Gov. Gavin Newsom announced Friday that California will require kids to get the COVID-19 vaccine to come to school.
Newsom said all students, elementary through high school age, would be required to receive the vaccine upon their age demographic receiving final approval from the FDA for the vaccine. The governor stated there would be exemptions for medical and personal/religious beliefs.
“I believe we will be the first state in America to move forward with this mandate and requirement, but I do not believe by any stretch of the imagination we will be the last state. In fact, I anticipate other states to follow suit, as well.”
Newsom said that in the state of California, 63.5% of those ages 12 to 17 have been vaccinated, but added that the state is not where it needs to be.
“And so, we hope this encourages folks to get vaccinated,” said Newsom.
The state has already announced that by Oct. 15 all school employees in the state would be required to either show proof of vaccination or be tested once per week, which caught a number of local school districts off-guard.
“Following existing statute, full approval of ages 12+ corresponds to grades 7-12, and full approval of ages 5-11 corresponds to grades K-6,” read a press release from the governor’s office. “Students who are under the age of full approval, but within the grade span, will be required to be vaccinated once they reach the age of full approval.”
The requirement will take effect at the start of the term following full approval of that grade span, to be defined as Jan. 1 or July 1, whichever comes first.
“Based on current information, the requirement is expected to apply to grades 7-12 starting on July 1, 2022,” the release added. “However, local health jurisdictions and local education agencies are encouraged to implement requirements ahead of a statewide requirement based on their local circumstances.”
Newsom said schools already require vaccines for measles, mumps and more, and said the requirement is proof that vaccines work.
“This is about keeping our kids safe and healthy,” said Newsom via Twitter.
Castaic Union School District Superintendent Steve Doyle said there had been rumblings of this decision for a while.
“The news is not a complete surprise,” said Doyle. “We have been aware of conversations in Sacramento for some time now.”
Although likely going to require another large look at the logistics of the district, Doyle added that they will continue to do what they have done throughout the entire pandemic: continue to be in compliance with the health and safety guidelines issued by the state and county.
“Our hope is that the mandatory vaccination requirements go into effect no sooner than July 1, 2022, to minimize disruptions during this school year.”
Sulphur Springs Union School District governing board President Ken Chase echoed the same sentiment on Friday.
Saugus Union School District Superintendent Colleen Hawkins said her district will do much of the same, and continue to work with the community to keep people healthy for in-person learning.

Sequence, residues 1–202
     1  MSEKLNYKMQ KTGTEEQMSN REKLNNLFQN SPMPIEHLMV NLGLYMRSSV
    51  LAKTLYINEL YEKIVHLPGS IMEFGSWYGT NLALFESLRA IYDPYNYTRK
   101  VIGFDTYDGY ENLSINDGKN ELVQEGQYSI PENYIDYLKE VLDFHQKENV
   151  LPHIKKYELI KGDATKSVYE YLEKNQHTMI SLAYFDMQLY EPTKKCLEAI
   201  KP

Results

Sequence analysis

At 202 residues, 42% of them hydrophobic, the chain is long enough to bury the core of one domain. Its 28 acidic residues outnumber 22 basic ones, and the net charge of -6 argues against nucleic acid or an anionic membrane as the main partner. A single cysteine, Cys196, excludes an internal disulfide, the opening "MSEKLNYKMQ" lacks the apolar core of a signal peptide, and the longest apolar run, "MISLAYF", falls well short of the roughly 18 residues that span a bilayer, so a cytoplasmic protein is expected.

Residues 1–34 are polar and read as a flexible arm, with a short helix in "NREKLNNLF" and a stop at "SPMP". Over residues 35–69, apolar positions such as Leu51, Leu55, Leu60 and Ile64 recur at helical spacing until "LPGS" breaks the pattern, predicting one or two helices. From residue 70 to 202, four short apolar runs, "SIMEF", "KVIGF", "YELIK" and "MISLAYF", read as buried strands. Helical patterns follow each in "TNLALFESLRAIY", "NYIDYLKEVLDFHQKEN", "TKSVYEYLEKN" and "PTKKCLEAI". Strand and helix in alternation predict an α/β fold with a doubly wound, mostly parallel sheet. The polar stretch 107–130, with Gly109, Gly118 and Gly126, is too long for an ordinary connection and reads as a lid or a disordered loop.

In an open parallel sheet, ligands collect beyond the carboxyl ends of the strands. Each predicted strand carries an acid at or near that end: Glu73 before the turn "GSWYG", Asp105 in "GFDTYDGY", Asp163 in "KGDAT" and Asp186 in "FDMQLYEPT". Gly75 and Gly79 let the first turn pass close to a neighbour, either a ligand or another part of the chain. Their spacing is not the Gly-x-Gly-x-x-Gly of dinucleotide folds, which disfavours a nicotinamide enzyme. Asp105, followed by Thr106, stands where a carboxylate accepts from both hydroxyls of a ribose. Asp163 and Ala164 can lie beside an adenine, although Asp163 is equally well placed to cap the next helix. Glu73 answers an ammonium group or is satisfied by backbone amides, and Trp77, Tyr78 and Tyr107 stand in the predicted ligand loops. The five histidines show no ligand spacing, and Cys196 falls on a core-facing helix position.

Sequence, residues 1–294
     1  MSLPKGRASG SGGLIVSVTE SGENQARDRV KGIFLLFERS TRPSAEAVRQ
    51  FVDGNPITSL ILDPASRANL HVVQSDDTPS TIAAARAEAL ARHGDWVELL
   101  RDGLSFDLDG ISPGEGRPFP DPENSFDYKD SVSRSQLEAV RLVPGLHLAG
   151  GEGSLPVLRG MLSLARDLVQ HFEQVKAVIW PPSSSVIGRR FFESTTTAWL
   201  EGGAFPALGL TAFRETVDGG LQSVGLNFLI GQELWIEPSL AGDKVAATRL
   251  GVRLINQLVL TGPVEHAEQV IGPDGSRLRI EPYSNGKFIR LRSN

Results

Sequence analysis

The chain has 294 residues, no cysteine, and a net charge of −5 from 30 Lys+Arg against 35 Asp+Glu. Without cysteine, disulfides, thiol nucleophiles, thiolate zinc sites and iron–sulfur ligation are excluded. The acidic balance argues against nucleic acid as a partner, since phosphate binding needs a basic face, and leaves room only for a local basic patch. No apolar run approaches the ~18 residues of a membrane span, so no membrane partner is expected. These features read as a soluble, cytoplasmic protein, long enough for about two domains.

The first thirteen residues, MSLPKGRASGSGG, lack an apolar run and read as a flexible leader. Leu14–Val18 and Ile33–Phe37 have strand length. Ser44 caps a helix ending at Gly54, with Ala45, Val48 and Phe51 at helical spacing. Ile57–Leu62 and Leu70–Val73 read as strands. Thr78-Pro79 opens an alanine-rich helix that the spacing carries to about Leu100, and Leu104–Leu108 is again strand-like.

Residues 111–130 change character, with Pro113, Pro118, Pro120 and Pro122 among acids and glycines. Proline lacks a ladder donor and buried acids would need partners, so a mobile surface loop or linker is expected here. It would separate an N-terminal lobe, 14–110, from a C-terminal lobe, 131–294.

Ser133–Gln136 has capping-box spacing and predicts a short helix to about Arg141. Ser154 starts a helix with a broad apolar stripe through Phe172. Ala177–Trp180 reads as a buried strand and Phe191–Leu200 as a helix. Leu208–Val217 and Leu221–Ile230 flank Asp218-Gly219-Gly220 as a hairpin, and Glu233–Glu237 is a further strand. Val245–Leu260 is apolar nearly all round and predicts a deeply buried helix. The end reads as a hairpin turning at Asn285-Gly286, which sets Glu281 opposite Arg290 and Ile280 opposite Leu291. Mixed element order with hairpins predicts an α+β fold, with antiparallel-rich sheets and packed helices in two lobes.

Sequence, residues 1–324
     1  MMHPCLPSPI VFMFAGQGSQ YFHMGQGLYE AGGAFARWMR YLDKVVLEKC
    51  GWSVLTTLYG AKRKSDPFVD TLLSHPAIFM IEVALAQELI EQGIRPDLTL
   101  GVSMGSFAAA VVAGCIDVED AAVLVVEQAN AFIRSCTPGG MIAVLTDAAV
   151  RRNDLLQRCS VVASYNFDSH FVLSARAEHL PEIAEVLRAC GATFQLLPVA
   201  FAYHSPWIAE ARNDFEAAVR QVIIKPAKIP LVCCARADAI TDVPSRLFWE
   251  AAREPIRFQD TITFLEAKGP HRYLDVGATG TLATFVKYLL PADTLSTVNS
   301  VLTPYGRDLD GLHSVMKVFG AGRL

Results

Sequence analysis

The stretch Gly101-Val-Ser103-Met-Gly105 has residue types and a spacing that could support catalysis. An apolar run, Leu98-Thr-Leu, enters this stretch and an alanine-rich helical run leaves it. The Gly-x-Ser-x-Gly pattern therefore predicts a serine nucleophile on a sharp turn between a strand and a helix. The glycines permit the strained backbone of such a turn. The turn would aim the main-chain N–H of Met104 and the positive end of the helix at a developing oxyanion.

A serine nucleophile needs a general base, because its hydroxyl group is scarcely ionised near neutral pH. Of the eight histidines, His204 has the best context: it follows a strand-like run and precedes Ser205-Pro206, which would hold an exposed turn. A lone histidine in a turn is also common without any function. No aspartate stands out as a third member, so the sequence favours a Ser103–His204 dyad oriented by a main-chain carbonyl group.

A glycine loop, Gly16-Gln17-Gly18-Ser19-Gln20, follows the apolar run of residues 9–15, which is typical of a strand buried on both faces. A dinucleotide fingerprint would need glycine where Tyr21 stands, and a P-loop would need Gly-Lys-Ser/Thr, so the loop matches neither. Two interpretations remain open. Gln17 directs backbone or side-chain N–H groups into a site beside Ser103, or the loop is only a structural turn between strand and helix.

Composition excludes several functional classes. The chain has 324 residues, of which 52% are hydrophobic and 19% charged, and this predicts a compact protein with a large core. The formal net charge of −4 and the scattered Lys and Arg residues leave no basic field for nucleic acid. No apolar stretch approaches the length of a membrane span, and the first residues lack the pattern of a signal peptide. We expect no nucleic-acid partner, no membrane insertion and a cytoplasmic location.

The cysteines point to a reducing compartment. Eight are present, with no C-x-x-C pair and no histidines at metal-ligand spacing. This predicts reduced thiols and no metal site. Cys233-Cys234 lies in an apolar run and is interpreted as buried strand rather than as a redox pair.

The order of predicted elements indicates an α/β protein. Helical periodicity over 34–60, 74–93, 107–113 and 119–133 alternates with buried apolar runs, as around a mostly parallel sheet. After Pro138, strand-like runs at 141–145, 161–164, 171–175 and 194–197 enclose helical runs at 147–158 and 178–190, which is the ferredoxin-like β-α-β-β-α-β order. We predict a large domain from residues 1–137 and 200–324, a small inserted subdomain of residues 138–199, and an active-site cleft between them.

“We are mindful that vaccines for elementary-aged children are on the horizon,” said Hawkins. “And we understand that the governor’s mandate will become effective once the vaccines have full FDA authorization.”
Newhall School District Superintendent Jeff Pelzel said that while his school district would also be continuing forward by staying in compliance, he did worry about what this meant in terms of the district’s staff and families.
“I do foresee this will cause families to seek alternative educational options, whether that be homeschooling or something else,” said Pelzel. “Or what is going to happen is families will transition to our independent study program.”
“I appreciate the intent and desire. However, these (mandates) are going to create some potential tough, tough challenges for school districts,” he added.
Cherise Moore, president of the William S. Hart Union High School District governing board, emphasized that no immediate action is set to be taken — a sentiment expressed by many other administrators following Friday’s announcement.
Mandatory vaccination status had been implemented by some other districts around Los Angeles County, but it had not come up in the Hart board’s discussions before Friday, said Moore.
“My reaction is that there’s no immediate action that will be taken by anyone, and I think everyone, or at least I need to, take a breath and ponder what this all means,” said Moore. “What are the implications for our children and their safety, as well as the safety of our staff?”
“Over the last year and a half, we have seen the immeasurable emotional and educational impact the pandemic has had on youth,” L.A. County Supervisor Kathryn Barger said upon hearing the news. “Ultimately, each parent and school district knows their own students’ needs best and I hope there is ongoing collaboration at the local level regarding the governor’s proposed policy.”